Because medical practices and the business associates that serve them handle protected health information (PHI) regularly, precautions must be taken to safeguard sensitive information. The Department of Health and Human Services (HHS) recommends ten practices that all organizations handling PHI must implement. Today, we examine endpoint protection systems.

What is Endpoint Protection?

While it may sound technical, an endpoint is simply any device that connects to your internal networks. Common examples of endpoints include laptops, smartphones, tablets, or servers in a data center. Endpoint protection secures the various endpoints connected to the network to limit access and keep network data safe.

What is the Difference Between System Endpoint Protection and Antivirus?

Antivirus is a building block of endpoint protection. Antivirus software protects an individual device when it is installed. System endpoint protection secures the entire network. Endpoint security software is installed on network servers, allowing an organization to secure the whole network, without the need for installing the software on individual devices. 

Standard features of system endpoint protection software include:

  • Data loss prevention detects and monitors sensitive information, ensuring unauthorized users do not have access. In a data breach, data is protected from theft or loss.
  • Disk, endpoint, and email encryption is the process of protecting your data from theft or corruption by making data illegible.
  • Network access control restricts which devices are allowed to connect to a network.
  • Endpoint detection and response monitors and responds to security threats.
  • Insider threat protection prevents internal threats to a network by those with inside information, such as employees or former employees.
  • Application whitelisting or control is a system that determines which software applications are accessible from a network. Applications that are deemed harmful will not be accessible.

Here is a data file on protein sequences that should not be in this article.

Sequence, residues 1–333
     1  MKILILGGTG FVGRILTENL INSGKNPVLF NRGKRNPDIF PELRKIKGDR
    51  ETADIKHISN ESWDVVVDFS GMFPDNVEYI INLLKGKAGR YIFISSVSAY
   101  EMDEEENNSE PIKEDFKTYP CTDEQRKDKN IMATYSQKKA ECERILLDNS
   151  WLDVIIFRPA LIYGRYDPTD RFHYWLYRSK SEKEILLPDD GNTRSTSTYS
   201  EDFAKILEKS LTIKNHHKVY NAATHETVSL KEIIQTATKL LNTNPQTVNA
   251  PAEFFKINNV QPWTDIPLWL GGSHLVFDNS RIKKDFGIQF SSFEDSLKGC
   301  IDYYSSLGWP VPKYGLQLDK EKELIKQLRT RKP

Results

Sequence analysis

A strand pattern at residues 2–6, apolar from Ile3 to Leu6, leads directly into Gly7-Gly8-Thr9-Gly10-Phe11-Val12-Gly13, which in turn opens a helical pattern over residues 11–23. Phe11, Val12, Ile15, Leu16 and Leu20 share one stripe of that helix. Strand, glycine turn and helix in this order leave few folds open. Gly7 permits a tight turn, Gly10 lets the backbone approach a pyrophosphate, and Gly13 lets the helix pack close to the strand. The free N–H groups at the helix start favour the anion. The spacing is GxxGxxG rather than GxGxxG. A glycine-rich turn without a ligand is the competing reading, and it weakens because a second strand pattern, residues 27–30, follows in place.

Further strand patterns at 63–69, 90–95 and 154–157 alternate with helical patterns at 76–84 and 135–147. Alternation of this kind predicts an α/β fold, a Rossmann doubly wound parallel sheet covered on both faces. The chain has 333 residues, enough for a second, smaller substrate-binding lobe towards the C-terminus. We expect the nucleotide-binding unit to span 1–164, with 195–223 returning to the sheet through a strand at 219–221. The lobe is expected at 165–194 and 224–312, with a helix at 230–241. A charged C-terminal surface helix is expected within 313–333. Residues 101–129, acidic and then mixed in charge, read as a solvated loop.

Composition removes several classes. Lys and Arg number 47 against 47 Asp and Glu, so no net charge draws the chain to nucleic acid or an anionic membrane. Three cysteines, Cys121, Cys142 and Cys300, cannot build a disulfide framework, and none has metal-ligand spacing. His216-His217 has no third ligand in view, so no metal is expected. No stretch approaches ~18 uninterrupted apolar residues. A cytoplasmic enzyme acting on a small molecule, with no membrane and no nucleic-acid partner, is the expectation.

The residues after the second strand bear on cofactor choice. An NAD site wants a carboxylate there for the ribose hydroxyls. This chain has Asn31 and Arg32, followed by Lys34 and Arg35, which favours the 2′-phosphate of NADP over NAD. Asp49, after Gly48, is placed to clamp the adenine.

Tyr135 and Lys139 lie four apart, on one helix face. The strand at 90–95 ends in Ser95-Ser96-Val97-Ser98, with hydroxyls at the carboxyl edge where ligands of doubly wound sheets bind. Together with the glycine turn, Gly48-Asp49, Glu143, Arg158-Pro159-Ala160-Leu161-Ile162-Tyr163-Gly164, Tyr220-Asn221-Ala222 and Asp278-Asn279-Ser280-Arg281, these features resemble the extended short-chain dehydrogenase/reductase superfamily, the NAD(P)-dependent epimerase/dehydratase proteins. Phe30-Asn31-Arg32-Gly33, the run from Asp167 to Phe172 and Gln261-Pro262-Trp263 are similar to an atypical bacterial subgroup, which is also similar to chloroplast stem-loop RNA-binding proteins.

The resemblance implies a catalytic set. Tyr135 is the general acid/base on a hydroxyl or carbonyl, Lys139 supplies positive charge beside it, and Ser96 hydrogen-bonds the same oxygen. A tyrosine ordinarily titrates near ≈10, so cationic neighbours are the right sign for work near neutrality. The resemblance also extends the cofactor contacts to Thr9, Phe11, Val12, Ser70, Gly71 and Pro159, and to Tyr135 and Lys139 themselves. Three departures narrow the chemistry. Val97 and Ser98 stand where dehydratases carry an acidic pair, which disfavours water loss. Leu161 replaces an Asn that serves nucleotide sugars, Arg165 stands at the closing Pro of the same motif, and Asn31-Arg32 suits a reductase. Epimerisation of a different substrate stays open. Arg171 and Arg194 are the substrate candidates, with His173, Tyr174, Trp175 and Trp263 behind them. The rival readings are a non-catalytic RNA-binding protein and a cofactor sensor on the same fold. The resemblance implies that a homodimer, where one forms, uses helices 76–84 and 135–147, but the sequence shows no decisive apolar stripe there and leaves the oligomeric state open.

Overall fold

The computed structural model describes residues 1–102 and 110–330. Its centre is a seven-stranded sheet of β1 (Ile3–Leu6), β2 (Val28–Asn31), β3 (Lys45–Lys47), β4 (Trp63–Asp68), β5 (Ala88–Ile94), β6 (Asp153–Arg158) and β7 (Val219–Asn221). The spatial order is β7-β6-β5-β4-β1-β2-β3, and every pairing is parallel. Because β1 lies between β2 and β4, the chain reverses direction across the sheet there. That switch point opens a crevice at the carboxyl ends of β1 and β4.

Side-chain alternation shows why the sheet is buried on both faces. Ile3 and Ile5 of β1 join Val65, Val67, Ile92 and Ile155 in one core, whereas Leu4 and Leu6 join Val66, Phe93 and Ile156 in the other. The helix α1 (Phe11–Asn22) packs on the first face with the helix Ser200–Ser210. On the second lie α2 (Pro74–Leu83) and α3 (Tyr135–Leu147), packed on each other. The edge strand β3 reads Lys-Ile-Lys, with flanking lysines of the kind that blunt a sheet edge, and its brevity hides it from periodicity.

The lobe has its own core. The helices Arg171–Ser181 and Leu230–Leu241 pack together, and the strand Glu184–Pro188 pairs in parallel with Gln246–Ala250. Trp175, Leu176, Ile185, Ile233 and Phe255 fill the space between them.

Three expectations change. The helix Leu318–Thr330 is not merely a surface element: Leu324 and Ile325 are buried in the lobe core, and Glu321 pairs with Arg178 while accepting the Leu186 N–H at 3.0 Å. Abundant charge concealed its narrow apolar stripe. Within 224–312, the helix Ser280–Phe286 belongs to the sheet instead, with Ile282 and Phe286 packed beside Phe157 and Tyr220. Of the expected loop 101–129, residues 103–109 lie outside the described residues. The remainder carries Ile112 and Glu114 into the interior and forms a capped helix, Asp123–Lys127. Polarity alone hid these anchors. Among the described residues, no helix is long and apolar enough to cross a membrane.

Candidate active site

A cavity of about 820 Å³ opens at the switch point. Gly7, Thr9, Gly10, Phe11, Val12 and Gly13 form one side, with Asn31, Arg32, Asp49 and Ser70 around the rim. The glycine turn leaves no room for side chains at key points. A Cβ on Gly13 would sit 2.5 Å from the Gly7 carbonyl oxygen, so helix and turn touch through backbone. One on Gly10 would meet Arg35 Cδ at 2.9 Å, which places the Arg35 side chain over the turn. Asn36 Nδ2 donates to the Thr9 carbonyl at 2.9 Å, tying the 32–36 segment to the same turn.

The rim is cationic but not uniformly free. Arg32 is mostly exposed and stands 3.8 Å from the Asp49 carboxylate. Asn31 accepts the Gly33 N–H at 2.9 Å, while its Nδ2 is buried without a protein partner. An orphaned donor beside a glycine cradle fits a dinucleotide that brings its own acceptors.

• Data classification identifies vital information to make it easy to retrieve and use.
  • Privileged user control is a user authorized to access features that other users cannot, such as security functions. 

Any effective endpoint security software must include application control and endpoint encryption. These features prevent unauthorized users from accessing data. Endpoint encryption hides sensitive data. Application control blocks employees who may attempt to download applications like spyware, or malware that could give unauthorized users access to a network.

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Using a HIPAA Mobile Device Policy

A HIPAA Mobile Device Policy is a good way to keep devices secure. By having a standard procedure for implementing mobile device security, you minimize the likelihood that you’ll be breached.

HIPAA Mobile Device Policies, such as Bring Your Own Device Policies, help to provide guidance to your staff on best practices for mobile device security. HIPAA Mobile Device Policies help to keep your network, and the endpoints connected to it, secure. Failure to have endpoint protection systems in place can cripple an organization if a ransomware attack allows an unauthorized party to access a network and corrupt data.

During ransomware attacks, hackers can access medical records and encrypt patient files. They then ask for a ransom from the healthcare organization to unencrypt the files. Without patient files, many healthcare providers opt to pay the ransom so that they can treat patients. But this practice just perpetuates the cycle of ransomware attacks. 

A past ransomware attack left a doctor’s practice without access to their files. The practice’s doctors decided not to pay the ransom; as a result, the hackers deleted all of the patients’ records. The deleted files included patient contact information, appointment dates/times, and medical history.

Doctors could not contact patients and view appointments. Instead, they were forced to depend upon patients simply showing up to receive care. The quality of follow-up care was negatively impacted because patient records were unavailable. This resulted in a significant decrease in the office’s standard of care.

The practice permanently closed doors in the wake of the ransomware attack. The cyberattack likely contributed to the closure, which could have been avoided if adequate endpoint protection measures were in place.

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